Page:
Dev chat summary, July 8, 2020

@whyisjake hosted from this agenda, edited by @marybaum.

Announcements

WordPress 5.5 beta 1 landed yesterday! Tell everyone you know to download it, test everything and try to break all the new features—that’s what betaBeta A pre-release of software that is given out to a large group of users to trial under real conditions. Beta versions have gone through alpha testing in-house and are generally fairly close in look, feel and function to the final product; however, design changes often occur as part of the process. releases are for.

@audrasjb  shared some stats: as of Beta 1, WordPress 5.5 has 190 new core contributorsCore Contributors Core contributors are those who have worked on a release of WordPress, by creating the functions or finding and patching bugs. These contributions are done through Trac. https://core.trac.wordpress.org.! A lively discussion followed, covering stats and going back several years, in some detail. Check it out here.

GutenbergGutenberg The Gutenberg project is the new Editor Interface for WordPress. The editor improves the process and experience of creating new content, making writing rich content much simpler. It uses ‘blocks’ to add richness rather than shortcodes, custom HTML etc. https://wordpress.org/gutenberg/ 8.5 is live!
https://make.wordpress.org/core/2020/07/03/whats-next-in-gutenberg-july/

This is the last Gutenberg releaseRelease A release is the distribution of the final version of an application. A software release may be either public or private and generally constitutes the initial or new generation of a new or upgraded application. A release is preceded by the distribution of alpha and then beta versions of the software. going into WordPress 5.5 and is the major focus for this month.

From now until the final release of WordPress 5.5, Gutenberg is also in a feature freeze. That means the only tickets that will move on are bugbug A bug is an error or unexpected result. Performance improvements, code optimization, and are considered enhancements, not defects. After feature freeze, only bugs are dealt with, with regressions (adverse changes from the previous version) being the highest priority. fixes and code regressions; everything else will get punted to 5.6 or a future release.

Another result of the feature freeze is that TracTrac An open source project by Edgewall Software that serves as a bug tracker and project management tool for WordPress. and the Gutenberg should both see fewer last-minute commits. So look for the Beta 2 release party to start a little earlier next week (July 14) in a bow to our European contributors’ schedules.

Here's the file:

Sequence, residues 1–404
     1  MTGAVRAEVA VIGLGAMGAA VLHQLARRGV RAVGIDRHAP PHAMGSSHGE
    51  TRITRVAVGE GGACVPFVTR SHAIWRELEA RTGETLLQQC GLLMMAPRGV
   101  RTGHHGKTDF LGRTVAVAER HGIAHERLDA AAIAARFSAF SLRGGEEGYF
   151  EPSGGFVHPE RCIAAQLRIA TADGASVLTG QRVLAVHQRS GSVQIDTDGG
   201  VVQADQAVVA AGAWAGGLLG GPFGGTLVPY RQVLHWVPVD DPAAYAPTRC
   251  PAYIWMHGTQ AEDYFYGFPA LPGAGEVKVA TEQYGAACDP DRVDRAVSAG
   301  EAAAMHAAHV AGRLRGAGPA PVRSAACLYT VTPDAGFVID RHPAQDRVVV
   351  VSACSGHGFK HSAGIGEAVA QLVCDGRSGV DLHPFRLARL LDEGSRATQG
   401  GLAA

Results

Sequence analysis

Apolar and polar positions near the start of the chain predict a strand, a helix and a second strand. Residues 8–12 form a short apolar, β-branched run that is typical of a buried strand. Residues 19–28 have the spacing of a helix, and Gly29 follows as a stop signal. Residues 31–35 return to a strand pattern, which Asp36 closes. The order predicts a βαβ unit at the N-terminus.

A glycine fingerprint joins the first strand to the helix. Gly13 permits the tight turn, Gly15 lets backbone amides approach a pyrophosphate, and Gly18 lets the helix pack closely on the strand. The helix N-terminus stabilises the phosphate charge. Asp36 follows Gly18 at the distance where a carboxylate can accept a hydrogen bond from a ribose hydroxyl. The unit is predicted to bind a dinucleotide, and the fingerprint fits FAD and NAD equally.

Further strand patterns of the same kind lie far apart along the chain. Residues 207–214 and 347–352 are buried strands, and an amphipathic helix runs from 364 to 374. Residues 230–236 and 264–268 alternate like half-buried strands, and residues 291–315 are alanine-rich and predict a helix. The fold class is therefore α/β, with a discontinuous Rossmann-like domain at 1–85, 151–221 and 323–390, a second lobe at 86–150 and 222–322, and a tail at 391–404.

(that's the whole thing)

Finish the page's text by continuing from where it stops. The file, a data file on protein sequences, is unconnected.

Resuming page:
@pbiron  #50449 could use some 
from those who are knowledgeable about RTL
#50449: Sitemap style for RTL sites

Component check-in

@marybaum announced a schedule change for the about page. She’ll attach the copy and layout to the ticketticket Created for both bug reports and feature development on the bug tracker. for 5.5 on Friday. She issued shoutouts to new contributors @abhanonstopnewsuk and @yvettesonneveld for their research with folks in the Marketing team, and @estelaris for in-depth research in design.

@justinahinon updated the group on dev notesdev note Each important change in WordPress Core is documented in a developers note, (usually called dev note). Good dev notes generally include: a description of the change; the decision that led to this change a description of how developers are supposed to work with that change. Dev notes are published on Make/Core blog during the beta phase of WordPress release cycle. Publishing dev notes is particularly important when plugin/theme authors and WordPress developers need to be aware of those changes.In general, all dev notes are compiled into a Field Guide at the beginning of the release candidate phase. for 5.5 and issued a call for writers. You can see progress on the Trac notes on this Google Sheet  and Gutenberg-related notes here on GitHub.   

Open Floor

@desrosj has a post coming soon that will focus the ongoing discussion of exactly which bugs and tasks get the ticket love in two periods: the beta-to-RC period (for 5.5, that’s now: it started July 7 and will run until RC1 lands on July 28) and the RC-to-release period (for 5.5, the two weeks from July28 to August 11).  

For now, you can see earlier discussion on the topic here.

Finally, @whyisjake brought up a pull request that got his attention because of licensing issues it raises for part of the contributor toolchain.

#5-5-2, #devchat, #summary

#5-5